Ensuring greater participation of women in international trade (en)
Reducing the gender gap can release a wealth of human talent, ingenuity, and creativity, important resources for developing countries seeking to transform their societies through trade. As much as US$28 trillion, or 26%, could be added to global annual growth domestic product (GDP) by 2025 by advancing to full parity between men and women, according to a McKinsey Global Institute report.
More modestly, if countries match the rate of improvement of the fastest-improving country in their region, as much as US$12 trillion could be added to the global economy in the coming decade.
Despite the benefits, governments have been slow to act. Leaders in the developing world can focus on fostering women’s participation in international trade to help create growth. Here are some of the lessons drawn from Latin America’s recent progress along these lines.WOMEN IN TRADE
Women in Latin America are outliers – they often start new businesses, not out of necessity, but because of available opportunities. Though this should be a sign of optimism, we must take into account some of the barriers they face.
In Central America, for example, women already own 46% of micro and small businesses, reaching up to 65% in Nicaragua. Despite this, as the company size increases the proportion of female managers decreases with only about 40% participation in medium-sized enterprises. This relates to the highly informal character of women’s business in the region – as much as 90% of female-led enterprises in Latin America are in the informal sector – and to cultural and institutional barriers that prevent them from reaching higher-level positions in big corporations. Only around 8.5% of board members and 9.2% of executives in Latin American and Caribbean companies are women, according to data from the Inter-American Development Bank. Only 4.2% of the region’s CEOs are female.
To address these challenges, there is a need to strengthen the management skills and capacities of women entrepreneurs.
Part of this involves increasing participation in advanced training aimed at increasing women’s capacity to do business. We find positive signs in one of Costa Rica’s national agencies, which trains more women than men in basic business skills programs (57%), analysis by the Economist Intelligence Unit (EIU) shows. Other initiatives in Brazil, Honduras, Nicaragua and Panama are doing the same, with similar results in the public and private sectors.
Improving business-specific training is crucial to ensure women’s participation in the economy and helps strengthen progress made in reducing the gender gap in traditional education programmes.
Supplier diversity initiatives can go a long way, too, in raising demand for products and services from women-led SMEs. Indeed, some Latin American countries prioritize public-sector purchases from SMEs, but only Mexico, Nicaragua and Venezuela target female-led companies specifically. While the public sector can play a transformative role, the private sector can also have considerable impact: Wal-Mart Mexico and Central America, for example, supported training for more than 2,000 women, ensured their inclusion in their supply chain. A second-generation strategy launched in 2015 includes further support for women-led SMEs.GROWTH AND INVESTMENT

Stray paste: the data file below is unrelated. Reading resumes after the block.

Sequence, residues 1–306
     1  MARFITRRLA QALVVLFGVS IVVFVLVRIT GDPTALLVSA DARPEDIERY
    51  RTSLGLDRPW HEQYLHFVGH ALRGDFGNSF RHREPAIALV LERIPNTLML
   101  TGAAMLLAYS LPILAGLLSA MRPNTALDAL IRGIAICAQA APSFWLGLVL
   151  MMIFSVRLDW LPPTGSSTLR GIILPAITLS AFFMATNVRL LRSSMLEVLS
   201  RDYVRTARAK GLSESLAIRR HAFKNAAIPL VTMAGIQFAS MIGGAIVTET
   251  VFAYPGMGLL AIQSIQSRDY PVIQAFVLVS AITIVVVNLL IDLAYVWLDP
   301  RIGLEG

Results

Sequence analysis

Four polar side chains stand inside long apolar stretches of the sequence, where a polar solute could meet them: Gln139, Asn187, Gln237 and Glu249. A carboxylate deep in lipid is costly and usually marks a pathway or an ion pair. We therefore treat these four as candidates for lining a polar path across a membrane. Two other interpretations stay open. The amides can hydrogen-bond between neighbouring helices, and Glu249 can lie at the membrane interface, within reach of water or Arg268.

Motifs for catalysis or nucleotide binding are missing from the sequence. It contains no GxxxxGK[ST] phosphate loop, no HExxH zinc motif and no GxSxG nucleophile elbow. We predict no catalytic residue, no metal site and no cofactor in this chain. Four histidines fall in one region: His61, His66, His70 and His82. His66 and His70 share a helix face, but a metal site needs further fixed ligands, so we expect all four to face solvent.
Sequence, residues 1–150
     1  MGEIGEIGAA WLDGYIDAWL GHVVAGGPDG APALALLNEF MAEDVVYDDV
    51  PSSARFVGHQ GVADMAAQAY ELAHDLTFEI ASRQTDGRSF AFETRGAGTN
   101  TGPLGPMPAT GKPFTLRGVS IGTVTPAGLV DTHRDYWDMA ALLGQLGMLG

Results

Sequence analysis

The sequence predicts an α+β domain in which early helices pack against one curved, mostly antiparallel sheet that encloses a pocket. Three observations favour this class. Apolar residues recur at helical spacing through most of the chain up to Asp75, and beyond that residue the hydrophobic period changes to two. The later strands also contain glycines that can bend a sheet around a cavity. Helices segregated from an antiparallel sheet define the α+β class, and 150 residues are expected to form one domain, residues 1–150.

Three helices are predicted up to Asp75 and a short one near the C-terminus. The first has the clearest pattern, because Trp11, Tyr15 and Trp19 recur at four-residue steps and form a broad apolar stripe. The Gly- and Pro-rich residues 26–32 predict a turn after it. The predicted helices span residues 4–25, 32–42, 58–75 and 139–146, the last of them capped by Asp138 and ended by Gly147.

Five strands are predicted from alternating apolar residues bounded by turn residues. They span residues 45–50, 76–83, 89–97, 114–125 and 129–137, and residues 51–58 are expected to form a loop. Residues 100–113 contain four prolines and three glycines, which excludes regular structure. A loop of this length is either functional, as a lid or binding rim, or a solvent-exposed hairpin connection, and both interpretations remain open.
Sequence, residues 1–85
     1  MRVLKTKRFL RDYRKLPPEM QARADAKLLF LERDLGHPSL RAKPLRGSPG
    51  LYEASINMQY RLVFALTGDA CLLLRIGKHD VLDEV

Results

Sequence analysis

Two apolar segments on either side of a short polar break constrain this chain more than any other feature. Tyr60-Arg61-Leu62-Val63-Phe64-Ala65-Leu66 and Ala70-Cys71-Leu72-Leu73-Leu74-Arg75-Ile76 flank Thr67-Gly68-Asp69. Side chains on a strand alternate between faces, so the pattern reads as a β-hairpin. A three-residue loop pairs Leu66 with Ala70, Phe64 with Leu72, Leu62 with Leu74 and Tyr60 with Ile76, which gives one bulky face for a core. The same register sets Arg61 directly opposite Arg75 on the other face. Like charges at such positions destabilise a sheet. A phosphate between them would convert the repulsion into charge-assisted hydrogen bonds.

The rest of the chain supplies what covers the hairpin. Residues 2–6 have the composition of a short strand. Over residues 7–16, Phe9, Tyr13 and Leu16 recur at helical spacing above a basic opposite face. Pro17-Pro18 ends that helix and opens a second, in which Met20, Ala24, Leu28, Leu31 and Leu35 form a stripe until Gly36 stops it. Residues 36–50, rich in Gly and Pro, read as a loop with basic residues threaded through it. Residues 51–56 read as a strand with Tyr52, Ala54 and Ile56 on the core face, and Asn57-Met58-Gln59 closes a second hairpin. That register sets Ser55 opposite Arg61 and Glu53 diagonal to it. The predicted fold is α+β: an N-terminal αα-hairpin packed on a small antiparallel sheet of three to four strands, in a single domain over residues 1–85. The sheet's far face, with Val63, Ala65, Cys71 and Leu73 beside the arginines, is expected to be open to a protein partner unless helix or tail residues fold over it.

Access to financial resources in the form of loans or working capital can be decisive in the process of starting and growing an enterprise. Despite this, it is also one of the factors where most countries in Latin America underperform, according to the Economist Intelligence Unit’s Women Entrepreneurial Venture Scope.
For instance, in El Salvador only about 0.2% of women can access formal financial institutions for business purposes. In many other countries, collateral needed for a commercial loan can be steep, reaching as much as 267% of the value of the loan in Costa Rica. As property-rights regimes in Central America are tilted in favor of men, women trying to start their own business might have a harder time trying to meet capital requirements.
Due to these constraints, many resort to microfinance as a way to fund their companies. Women make up 57.3% of the client portfolio of the Central American Microfinance Network (REDCAMIF), data from June 2015 shows – 83.5% in Guatemala. Microfinance is useful and beneficial, especially for those drawn by the lower threshold to come up with the necessary collateral, but it is far from transformative. Fostering increased access to finance in sufficient scale for investment or working capital should become a priority lest women’s potential contribution to economic development remain subsumed.DEVELOPMENT PRIORITIES
Gender equality should be a concern in all public policies, so it is crucial that developing countries complete the adoption of a gender perspective. However, the challenges are diverse and resources limited.
In Central America, regional institutions responded by prioritizing economic autonomy, one of the pillars of the overall gender equality policy that the region’s leaders adopted in 2014. This was sensible. Economic autonomy can open the path for further gains in other political, social and cultural aspects of women empowerment. This strategy can create synergies in the region and build upon recent progress in the trade and development agenda to deliver results in the short term.
National and regional institutions in the developing world must mainstream a gender approach to their policies, strategies and programmes. Successful implementation of coordinated initiatives can help us make progress in the coming years. This will require a down-to-earth mentality which emphasizes improved indicators to monitor our progress and impact on gender-related issues. If we focus on some of these issues, we can go a long way in furthering women’s access to opportunities.